Manufacturers See Single-Digit Growth

April 22, 2011
It's earnings report season again, and the financial reports for the first quarter of 2011 now being published by publicly held electrical manufacturers

It's earnings report season again, and the financial reports for the first quarter of 2011 now being published by publicly held electrical manufacturers are painting a picture of 2011 as a year of steady but not spectacular growth. When you read between the lines of the financial documents and reams of public relations mumbo-jumbo, it's quickly apparent that growth this year for many of the largest publicly held manufacturers is closely tied to how quickly the commercial construction market pivots into growth territory. Several senior executives said that magic moment should occur sometime in the second half of 2011.

One of the most encouraging financial reports for 1Q 2011 came from Eaton Corp., Cleveland, which enjoyed an 80 percent increase in net income per share in 1Q 2011 over the same period last year. The company's Electrical Americas and Electrical Rest of World business segments (which in 2010 accounted for 36 percent of the company's $13.7 billion in total revenues) were key contributors to this growth. Sales for the Electrical Americas segment were $964 million, up 20 percent over 2010, and sales for Eaton's Electrical Rest of World segment were also up big time — registering a 22 percent gain over the first quarter of 2010 to $743 million. Commenting on Eaton's first-quarter results, Alexander “Sandy” Cutler said, “We saw solid growth in our industrial markets, and we continue to believe nonresidential construction activity is on track to begin recovering by the middle of this year.”

Hubbell Inc., Orange, Conn., also announced a double-digit sales increase for the first quarter, with net sales of $658.1 million, up 15 percent compared to the $570.5 million reported in the first quarter of 2010. Operating income, earnings per diluted share and free cash flow were also up significantly in the first quarter YTY. Timothy Powers, chairman, president and CEO, said the company is increasing its 2011 sales forecast and now believes its annual sales will increase by 5 percent to 7 percent for the year.

Rising commodity prices are a concern for the company. Powers said prices for certain types of steel have increased on average by 30 percent to 40 percent compared to the fourth quarter of 2010. “We are working to offset commodity cost increases through pricing actions but the timing of recovering those costs tends to lag by at least one quarter,” he said. “We remain confident that we should be able to navigate through these cost challenges to produce record earnings in 2011. Looking beyond the current year, we are excited with the prospect that fully half of our markets, non-residential and residential construction, are expected to return to growth following historic slumps. In addition, we expect strong growth in both utility transmission spending and energy-efficient buildings, including LED lighting applications.”

Astronomical increases in steel prices were also a concern for Acuity Brands Inc., Atlanta, which raised its prices 5 percent to 7 percent at the end of February to counter the 45 percent increase in steel spot prices during 2011's first quarter. Net sales for the first six months of the company's 2011 fiscal year increased 8.5 percent to $841.2 million, compared with $775.2 million for the prior-year period.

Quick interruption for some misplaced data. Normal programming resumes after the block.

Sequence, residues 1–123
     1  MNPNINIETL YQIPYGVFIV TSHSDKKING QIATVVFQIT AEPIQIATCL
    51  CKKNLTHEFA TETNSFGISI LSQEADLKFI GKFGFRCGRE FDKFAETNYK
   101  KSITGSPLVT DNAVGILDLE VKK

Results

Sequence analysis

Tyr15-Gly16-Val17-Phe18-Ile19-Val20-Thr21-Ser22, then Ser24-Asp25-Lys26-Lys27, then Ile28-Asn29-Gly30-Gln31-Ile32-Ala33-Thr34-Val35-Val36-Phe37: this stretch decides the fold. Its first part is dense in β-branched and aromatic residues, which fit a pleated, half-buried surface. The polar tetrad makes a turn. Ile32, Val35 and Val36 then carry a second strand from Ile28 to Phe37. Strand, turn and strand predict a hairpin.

Vernon Nagel, chairman, president, and CEO of Acuity Brands, said it was the fourth quarter in a row where Acuity achieved unit volume growth in an environment where U.S. non-residential construction continued to decline. He said third-party forecasts for the North American nonresidential lighting market say this segment of the lighting market will grow in the low- to mid-single digit range for the remainder of the company's fiscal year. “We continue to see opportunities in the current environment,” he said. “These include growth in renovation and tenant improvement projects, further expansion in under-penetrated geographies and channels, and growth from new product introductions and lighting solutions. We continue to enjoy success in building our lighting controls platform and we are now realizing the benefits and synergies of our investment in this exciting and fast growing market.”

Dominic Pileggi, chairman and CEO, Thomas & Betts Corp., Memphis, Tenn., also expects the nonresidential market to start growing in the second half of 2011. In announcing the company's financial results, he said, “We are seeing improvement in nearly all of the end markets we serve. Our outlook is for continued recovery in industrial markets and elevated utility distribution spending. We expect growth in residential, institutional and industrial construction, albeit at levels somewhat lower than we observed in 2010. The second half of 2011 should see the multi-year deterioration in commercial construction cease and activity levels flatten out.

“While we remain bullish on the future outlook for utility transmission spending, we believe 2011 will show only modest growth and will remain highly competitive… Based on our outlook, we anticipate that Thomas & Betts sales will grow in the mid- to high-single-digit range for the full year 2011.”